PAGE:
This series consists of talks in the area of Foundations of Quantum Theory. Seminar and group meetings will alternate.
Randomness is a valuable resource in both classical and quantum networks and we wish to generate desired probability distributions as cheaply as possible. If we are allowed to slightly change the distribution under some tolerance level, we can sometimes greatly reduce the cardinality of the randomness or the dimension of the entanglement. By studying statistical inequalities, we show how to upper bound of the amount of randomness required for any given classical network and tolerance level. We also present a problem we encounter when compressing the randomness in a quantum network.
We investigate the emergence of classicality and objectivity in arbitrary physical theories. First we provide an explicit example of a theory where there are no objective states. Then we characterize classical states of generic theories, and show how classical physics emerges through a decoherence process, which always exists in causal theories as long as there are classical states. We apply these results to the study of the emergence of objectivity, here recast as a multiplayer game.
Canonical quantization is not well suited to quantize gravity, while affine quantization is. For those unfamiliar with affine quantization the talk will include a primer. This procedure is then applied to deal with three nonrenormalizable, field theoretical, problems of increasing difficulty, the last one being general relativity itself.
The need for a time-shift invariant formulation of quantum theory arises from fundamental symmetry principles as well as heuristic cosmological considerations. Such a description then leaves open the question of how to reconcile global invariance with the perception of change, locally. By introducing relative time observables, we are able to make rigorous the Page-Wootters conditional probability formalism to show how local Heisenberg evolution is compatible with global invariance.
We derive Born’s rule and the density-operator formalism for quantum systems with Hilbert spaces of finite dimension. Our extension of Gleason’s theorem only relies upon the consistent assignment of probabilities to the outcomes of projective measurements and their classical mixtures. This assumption is significantly weaker than those required for existing Gleason-type theorems valid in dimension two.
The theory of relativity associates a proper time with each moving object via its spacetime trajectory. In quantum theory on the other hand, such trajectories are forbidden. I will discuss an operation approach to exploring this conflict, considering the average time measured by a quantum clock in the weak-field, low-velocity limit. Considering the role of the clock’s state of motion, one finds that all ``good'' quantum clocks experience the time dilation prescribed by general relativity for the most classical states of motion.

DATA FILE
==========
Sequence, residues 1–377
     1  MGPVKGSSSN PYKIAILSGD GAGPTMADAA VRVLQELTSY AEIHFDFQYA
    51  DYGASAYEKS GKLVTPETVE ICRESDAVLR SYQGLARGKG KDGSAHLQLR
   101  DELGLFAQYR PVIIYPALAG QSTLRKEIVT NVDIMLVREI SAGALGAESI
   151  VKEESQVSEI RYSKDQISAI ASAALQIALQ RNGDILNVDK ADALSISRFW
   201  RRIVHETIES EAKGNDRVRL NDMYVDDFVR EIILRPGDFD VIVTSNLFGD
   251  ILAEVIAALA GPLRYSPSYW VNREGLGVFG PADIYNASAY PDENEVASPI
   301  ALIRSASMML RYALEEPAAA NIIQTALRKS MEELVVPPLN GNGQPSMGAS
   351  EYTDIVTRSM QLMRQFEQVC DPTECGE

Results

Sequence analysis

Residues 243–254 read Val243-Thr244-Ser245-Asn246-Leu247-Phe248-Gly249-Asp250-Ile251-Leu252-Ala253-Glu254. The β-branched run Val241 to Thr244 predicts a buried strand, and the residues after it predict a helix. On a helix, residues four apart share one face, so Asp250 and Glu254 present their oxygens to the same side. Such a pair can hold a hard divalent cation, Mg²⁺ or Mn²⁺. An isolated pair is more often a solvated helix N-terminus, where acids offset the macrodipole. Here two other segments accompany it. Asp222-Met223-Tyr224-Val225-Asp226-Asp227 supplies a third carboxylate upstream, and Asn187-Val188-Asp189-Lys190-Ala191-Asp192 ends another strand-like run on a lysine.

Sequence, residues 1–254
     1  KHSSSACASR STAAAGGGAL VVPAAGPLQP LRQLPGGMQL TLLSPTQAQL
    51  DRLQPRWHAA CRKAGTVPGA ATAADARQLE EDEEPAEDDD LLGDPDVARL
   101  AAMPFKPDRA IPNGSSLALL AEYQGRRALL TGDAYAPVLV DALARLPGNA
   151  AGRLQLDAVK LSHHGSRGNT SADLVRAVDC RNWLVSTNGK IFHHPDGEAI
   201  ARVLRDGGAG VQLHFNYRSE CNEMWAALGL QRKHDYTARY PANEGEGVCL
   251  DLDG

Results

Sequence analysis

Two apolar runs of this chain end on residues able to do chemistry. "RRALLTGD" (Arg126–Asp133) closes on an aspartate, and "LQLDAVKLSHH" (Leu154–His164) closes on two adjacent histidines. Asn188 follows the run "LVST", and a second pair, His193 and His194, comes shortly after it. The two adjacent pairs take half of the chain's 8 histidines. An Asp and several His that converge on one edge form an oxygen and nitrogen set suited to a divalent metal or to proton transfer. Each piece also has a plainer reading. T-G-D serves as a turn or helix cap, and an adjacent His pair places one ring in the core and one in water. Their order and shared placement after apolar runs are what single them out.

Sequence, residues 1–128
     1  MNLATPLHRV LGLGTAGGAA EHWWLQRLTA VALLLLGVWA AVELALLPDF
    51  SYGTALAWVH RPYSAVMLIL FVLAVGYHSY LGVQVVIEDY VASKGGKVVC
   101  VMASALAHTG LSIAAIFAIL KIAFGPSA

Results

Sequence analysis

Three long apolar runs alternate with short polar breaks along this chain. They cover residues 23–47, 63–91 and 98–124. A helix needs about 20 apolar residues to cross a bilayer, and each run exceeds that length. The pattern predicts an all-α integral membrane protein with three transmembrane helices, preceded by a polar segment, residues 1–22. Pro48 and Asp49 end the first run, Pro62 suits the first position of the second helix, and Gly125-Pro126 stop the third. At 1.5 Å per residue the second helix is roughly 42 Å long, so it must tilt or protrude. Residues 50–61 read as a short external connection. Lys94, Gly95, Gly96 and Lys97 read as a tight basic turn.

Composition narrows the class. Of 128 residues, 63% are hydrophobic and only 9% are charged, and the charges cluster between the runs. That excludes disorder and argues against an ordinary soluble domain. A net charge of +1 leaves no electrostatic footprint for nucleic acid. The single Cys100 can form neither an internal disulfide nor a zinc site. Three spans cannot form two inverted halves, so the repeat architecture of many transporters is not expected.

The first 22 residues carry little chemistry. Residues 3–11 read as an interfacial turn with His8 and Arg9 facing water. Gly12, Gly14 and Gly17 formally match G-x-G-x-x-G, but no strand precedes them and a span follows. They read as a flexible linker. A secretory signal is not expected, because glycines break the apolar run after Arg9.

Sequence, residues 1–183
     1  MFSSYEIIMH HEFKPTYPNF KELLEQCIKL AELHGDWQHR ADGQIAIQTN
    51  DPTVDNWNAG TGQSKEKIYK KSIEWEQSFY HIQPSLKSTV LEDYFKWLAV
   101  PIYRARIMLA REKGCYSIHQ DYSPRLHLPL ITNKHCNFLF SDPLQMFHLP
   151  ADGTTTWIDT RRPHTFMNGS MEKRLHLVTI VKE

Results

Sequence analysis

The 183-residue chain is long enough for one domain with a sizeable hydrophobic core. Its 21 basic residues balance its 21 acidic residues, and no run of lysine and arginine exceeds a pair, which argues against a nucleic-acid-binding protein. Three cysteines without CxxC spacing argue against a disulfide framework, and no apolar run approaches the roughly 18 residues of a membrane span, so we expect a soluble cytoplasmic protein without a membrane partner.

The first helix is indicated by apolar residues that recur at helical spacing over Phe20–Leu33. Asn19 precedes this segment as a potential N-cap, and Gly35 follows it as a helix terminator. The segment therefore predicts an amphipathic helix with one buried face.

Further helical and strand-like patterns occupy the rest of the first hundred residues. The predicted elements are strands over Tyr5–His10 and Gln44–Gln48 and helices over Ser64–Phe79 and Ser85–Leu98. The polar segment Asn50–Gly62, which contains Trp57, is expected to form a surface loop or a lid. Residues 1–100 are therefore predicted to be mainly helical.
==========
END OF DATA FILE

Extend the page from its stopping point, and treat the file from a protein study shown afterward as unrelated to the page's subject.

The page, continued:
A common criticism directed against many-world theories is that, being deterministic, they cannot make sense of probability. I argue that, on the contrary, deterministic theories with branching provide us the only known coherent definition of objective probability. I illustrate this argument with a toy many-worlds theory known as Kent's universe, and discuss its limitations when applied to the usual Many-Worlds interpretation of quantum mechanics.
Epistemic interpretations of quantum theory maintain that quantum states only represent incomplete information about the physical states of the world. A major motivation for this view is the promise to provide a reasonable account of state update under measurement by asserting that it is simply a natural feature of updating incomplete statistical information. Here we demonstrate that all known epistemic ontological models of quantum theory in dimension d ≥ 3, including those designed to evade the conclusion of the PBR theorem, cannot represent state update correctly.
The theory of statistical comparison was formulated (chiefly by David Blackwell in the 1950s) in order to extend the theory of majorization to objects beyond probability distributions, like multivariate statistical models and stochastic transitions, and has played an important role in mathematical statistics ever since. The central concept in statistical comparison is the so-called "information ordering," according to which information need not always be a totally ordered quantity, but often takes on a multi-faceted form whose content may vary depending on its use.
Group representations are ubiquitous in quantum information theory. Many important states or channels are invariant under particular symmetries: for example depolarizing channels, Werner states, isotropic states, GHZ states. Accordingly, computations involving those objects can be simplified by invoking the symmetries of the problem. For that purpose, we need to know which irreducible representations appear in the problem, and how.